The creation story is laced with themes of nudity and shame. I am drawn as an artist to those themes because of my love for the human figure. My art studies centered and continue to center around being able to draw, paint and sculpt the human figure, its intricacies and anatomy.

A secondary intent of my show After Our Likeness was to disappropriate the human figure from current U.S. and Mormon trends of shaming. While I personally don’t use pornography, my threshold of what I would consider art vs. pornography is perhaps farther along the line than many of my Mormon friends, and I believe the current atmosphere of shaming and equating the body to pornography is a devastating trend.

I will continue to create work that celebrates the human figure in all its shapes and sizes. I will continue to argue against shaming, including the shaming of those with supposedly overly sexual body types, those with supposedly non-ideal body types, those with the scars of surgery whether optional or critical, and everything in between. Let’s appreciate our bodies as the amazing gifts from God they are, and drop our old inherited body-hating attitudes.


The laborer is worthy of her or his hire.

I have worked exhaustively to be independent of any institution so I can have an unfettered, independent voice. While the LDS Church uses many of my images, as do Catholic and Protestant groups here and there throughout the world, I am not an employee of any church or university. I don’t receive grants. Also, I’m not running for office, so my relationship to the public is different than that of a public servant. In my opinion, independence is important for an artist. (And as a side note, none of what I do or say should ever be understood as official LDS church policy, doctrine or thought.)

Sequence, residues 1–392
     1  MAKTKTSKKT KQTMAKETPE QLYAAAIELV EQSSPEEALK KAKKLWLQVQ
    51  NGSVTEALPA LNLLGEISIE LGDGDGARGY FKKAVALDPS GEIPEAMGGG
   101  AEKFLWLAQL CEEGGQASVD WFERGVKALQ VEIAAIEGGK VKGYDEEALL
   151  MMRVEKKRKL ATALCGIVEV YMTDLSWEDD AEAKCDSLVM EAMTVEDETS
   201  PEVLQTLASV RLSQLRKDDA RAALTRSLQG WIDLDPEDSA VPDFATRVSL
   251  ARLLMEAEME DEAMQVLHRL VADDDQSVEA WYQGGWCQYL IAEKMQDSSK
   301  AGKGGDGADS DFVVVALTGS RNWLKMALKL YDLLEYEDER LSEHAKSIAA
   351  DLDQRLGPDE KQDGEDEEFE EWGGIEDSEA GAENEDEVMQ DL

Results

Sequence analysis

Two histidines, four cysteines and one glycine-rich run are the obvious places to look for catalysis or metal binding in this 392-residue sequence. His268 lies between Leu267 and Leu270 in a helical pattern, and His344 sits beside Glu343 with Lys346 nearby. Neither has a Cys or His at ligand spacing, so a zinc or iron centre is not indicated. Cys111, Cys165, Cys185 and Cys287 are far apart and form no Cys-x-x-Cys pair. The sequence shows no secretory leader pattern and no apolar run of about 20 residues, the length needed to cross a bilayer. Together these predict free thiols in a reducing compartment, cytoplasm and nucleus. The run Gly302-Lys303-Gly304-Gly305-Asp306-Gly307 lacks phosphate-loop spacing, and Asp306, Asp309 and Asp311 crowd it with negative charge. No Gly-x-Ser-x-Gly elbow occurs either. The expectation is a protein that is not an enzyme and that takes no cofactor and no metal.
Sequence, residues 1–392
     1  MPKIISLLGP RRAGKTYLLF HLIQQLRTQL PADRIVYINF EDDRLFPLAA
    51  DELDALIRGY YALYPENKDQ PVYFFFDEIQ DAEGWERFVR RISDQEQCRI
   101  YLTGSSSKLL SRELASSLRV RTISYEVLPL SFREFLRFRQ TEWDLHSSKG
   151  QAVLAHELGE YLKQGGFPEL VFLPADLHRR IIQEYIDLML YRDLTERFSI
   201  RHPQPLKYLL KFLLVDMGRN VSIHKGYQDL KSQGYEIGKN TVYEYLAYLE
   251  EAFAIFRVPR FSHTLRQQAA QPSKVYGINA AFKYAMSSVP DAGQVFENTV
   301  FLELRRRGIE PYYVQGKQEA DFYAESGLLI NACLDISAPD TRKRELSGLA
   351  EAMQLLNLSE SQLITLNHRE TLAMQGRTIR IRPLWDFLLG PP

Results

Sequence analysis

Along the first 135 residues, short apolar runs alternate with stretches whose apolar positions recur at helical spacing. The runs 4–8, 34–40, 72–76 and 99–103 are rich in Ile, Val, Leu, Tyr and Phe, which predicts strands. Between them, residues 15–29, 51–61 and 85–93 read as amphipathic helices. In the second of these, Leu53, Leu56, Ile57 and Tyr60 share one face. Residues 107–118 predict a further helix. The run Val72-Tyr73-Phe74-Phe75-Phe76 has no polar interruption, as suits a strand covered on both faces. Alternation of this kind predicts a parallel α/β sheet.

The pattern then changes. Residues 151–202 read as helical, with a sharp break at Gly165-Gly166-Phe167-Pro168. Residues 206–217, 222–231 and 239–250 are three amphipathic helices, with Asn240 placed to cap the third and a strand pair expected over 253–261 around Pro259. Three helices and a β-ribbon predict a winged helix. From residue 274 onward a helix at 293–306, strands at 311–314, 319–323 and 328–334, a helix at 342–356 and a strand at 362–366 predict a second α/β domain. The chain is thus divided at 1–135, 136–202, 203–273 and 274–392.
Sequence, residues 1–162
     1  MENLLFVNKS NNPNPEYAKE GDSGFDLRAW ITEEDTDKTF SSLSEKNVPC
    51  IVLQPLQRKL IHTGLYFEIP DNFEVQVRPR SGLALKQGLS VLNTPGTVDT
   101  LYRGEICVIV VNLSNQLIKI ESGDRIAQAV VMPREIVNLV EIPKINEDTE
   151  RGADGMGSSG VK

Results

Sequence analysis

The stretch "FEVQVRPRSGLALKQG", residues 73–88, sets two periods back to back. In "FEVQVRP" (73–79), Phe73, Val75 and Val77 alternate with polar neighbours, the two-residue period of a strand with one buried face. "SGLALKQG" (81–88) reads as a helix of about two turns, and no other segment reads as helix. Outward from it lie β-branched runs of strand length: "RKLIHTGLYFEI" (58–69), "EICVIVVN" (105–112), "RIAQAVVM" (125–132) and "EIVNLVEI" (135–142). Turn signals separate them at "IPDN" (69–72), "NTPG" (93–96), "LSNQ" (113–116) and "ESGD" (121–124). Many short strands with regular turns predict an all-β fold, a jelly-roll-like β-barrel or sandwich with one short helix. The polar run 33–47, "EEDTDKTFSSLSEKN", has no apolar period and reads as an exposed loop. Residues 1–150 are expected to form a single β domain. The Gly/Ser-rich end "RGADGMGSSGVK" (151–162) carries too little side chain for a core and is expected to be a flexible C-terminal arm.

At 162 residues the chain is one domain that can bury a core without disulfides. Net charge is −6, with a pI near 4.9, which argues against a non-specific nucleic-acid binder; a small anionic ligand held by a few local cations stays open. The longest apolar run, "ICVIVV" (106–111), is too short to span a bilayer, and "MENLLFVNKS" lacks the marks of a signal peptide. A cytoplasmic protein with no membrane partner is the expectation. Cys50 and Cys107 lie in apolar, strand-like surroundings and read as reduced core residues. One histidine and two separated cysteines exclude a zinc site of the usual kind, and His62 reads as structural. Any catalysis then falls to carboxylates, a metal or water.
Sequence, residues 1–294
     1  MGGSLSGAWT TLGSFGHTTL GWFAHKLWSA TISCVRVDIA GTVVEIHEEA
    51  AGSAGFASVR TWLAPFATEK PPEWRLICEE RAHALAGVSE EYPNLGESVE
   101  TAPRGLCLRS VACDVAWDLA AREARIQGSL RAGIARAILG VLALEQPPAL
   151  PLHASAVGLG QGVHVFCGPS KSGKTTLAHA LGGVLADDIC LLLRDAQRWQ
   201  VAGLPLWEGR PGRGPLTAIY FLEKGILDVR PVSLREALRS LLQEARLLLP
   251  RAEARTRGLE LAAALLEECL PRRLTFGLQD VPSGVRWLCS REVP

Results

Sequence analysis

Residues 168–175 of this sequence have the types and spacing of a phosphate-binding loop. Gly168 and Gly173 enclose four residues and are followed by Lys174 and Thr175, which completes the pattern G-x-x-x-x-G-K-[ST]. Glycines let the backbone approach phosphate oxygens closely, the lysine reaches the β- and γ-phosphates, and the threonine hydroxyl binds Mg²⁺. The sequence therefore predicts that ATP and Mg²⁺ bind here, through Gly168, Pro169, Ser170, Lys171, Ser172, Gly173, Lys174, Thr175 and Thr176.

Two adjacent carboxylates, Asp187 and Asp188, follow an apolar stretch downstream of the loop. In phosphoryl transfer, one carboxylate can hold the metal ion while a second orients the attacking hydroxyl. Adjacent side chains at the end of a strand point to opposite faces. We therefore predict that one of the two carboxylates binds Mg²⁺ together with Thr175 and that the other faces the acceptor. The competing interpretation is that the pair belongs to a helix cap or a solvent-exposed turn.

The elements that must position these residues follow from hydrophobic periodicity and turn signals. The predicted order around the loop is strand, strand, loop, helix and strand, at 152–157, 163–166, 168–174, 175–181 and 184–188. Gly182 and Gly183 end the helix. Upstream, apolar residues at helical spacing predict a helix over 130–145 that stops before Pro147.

I am grateful to Brad at Writ & Vision for creating a place where independent voices are expressed and heard. So many great conversations have happened there–so many great book releases and panel discussions I have personally benefited from. Art sales keep Writ & Vision open. Books and discussions create community. It’s a symbiotic relationship that seems to work. Many of you have benefited from Writ & Vision events, and by extension, from the sale of artwork including mine.

The Writ & Vision show took months of my time, along with that of multiple paid studio assistants and framers. I’ve been criticized for not making substantive contributions toward a more equitable and just society. A good friend posted a list on my Facebook page to demonstrate that I have indeed tried to make contributions. Earlier this week, I was tempted to completely disengage permanently from efforts at social dialogue, which is the immediate effect the criticisms had on my psyche. Today, however, I appreciate the criticism. I think I can use it to lengthen my stride. I will continue to look for ways to make substantive differences in the world as I talk it over with my partner in marriage, my partners in commerce and social endeavors, and with my friends. I hope you will be my friend. My friends do more than raise their voice to criticize me once a year–they say nice or even neutral things to me during the year. My progressive friends respect the comments of my art friends. My friends who want to defend me must be respectful toward my critics. Please, be respectful.

Of course, you may choose to not be my friend, and I understand that too. If that’s your choice, you may never know about my efforts to make the world more equitable. I don’t intend to make those efforts in order to prove anything to the public.

In conclusion, I admit that the show comes together at a dangerous intersection—where race, religion, art and the body meet. Despite my firm belief in freedom of expression, I partially agree that I (a white man) should not have been the artist to create this show, but humbly suggest that this show needed to be done here and now. Thank you to the many people of color who responded positively to the show. I will continue to hope for the day when a Mormon artist of color will eclipse my depiction of the creation with an interpretation that transcends our current understanding.

Love and peace.